Captain Kel Cheris of the hexarchate is disgraced for using unconventional methods in a battle against heretics. Kel Command gives her the opportunity to redeem herself by retaking the Fortress of Scattered Needles, a star fortress that has recently been captured by heretics. Cheris’s career isn’t the only thing at stake. If the fortress falls, the hexarchate itself might be next.
Cheris’s best hope is to ally with the undead tactician Shuos Jedao. The good news is that Jedao has never lost a battle, and he may be the only one who can figure out how to successfully besiege the fortress.
The bad news is that Jedao went mad in his first life and massacred two armies, one of them his own. As the siege wears on, Cheris must decide how far she can trust Jedao–because she might be his next victim.
I have already read Gardens of the Moon a few years back and, I’m not going to lie, it is demanding reading. But I like diving into demanding books during the summer instead of in the middle of the university year when staying conscious takes an effort. Still, I was hesitant to pick up this book in electronic form because I was determined to study it the second time around: keep notes, check the dramatis personae often, and in general try my best to keep up with it. But, my kindle does one even better. In a book filled with as many names as GotM, simply pressing on a name to instantly review information on a given character is a godsend. Thank you, kindle. This time, I am better equipped for your challenge, Mr Erikson. Book synopsis:
The Malazan Empire simmers with discontent, bled dry by interminable warfare, bitter infighting, and bloody confrontations. Even the imperial legions, long inured to the bloodshed, yearn for some respite. Yet Empress Laseen’s rule remains absolute, enforced by her dread Claw assassins.
For Sergeant Whiskeyjack and his squad of Bridgeburners, and for Tattersail, surviving cadre mage of the Second Legion, the aftermath of the siege of Pale should have been a time to mourn the many dead. But Darujhistan, last of the Free Cities of Genabackis, yet holds out. It is to this ancient citadel that Laseen turns her predatory gaze.
But it would appear that the Empire is not alone in this great game. Sinister, shadowbound forces are gathering as the gods themselves prepare to play their hand…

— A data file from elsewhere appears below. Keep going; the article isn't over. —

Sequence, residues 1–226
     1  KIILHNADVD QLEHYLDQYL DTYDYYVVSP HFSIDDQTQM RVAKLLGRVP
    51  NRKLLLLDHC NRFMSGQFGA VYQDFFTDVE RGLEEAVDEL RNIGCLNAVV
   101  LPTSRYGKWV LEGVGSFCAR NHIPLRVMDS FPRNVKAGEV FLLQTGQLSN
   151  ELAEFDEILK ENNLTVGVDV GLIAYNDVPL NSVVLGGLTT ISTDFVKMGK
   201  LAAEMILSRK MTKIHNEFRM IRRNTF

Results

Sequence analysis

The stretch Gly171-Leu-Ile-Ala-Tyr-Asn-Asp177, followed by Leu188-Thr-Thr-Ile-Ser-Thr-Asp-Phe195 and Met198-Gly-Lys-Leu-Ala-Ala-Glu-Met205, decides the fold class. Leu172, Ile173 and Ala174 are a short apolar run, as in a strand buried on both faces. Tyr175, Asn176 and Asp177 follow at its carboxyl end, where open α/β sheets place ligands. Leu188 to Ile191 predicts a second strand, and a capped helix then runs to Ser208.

Here is what my favourite SFF reviewer, Thomas from the youtube channel SFF180, said about The Vorrh, a book he absolutely loved: “It is not for everyone.” This phrase is hitting on my egotistical nerve. So much so that, although I have attempted to read the Vorrh twice already – once I made it 50 pages in and the second time I made it 150 pages in the story – I still cannot give up on it. The writing is just so eloquent and extremely decorative that overwhelms me each time. It is, as Thomas says, a fantasy book not for everyone. But why did he have to put it that way? Book synopsis:
In B. Catling’s twisting, poetic narrative, Bakelite robots lie broken – their hard shells cracked by human desire – and an inquisitive Cyclops waits for his keeper and guardian, growing in all directions. Beyond the colonial city of Essenwald lies the Vorrh, the forest which sucks souls and wipes minds. There, a writer heads out on a giddy mission to experience otherness, fallen angels observe humanity from afar, and two hunters – one carrying a bow carved from his lover, the other a charmed Lee-Enfield rifle – fight to the end. Thousands of miles away, famed photographer Eadweard Muybridge attempts to capture the ultimate truth, as rifle heiress Sarah Winchester erects a house to protect her from the spirits of her gun’s victims.
Now I have to figure out which ones will be my picks for the 24in48 readathon and the BookTubeAThon. Send help!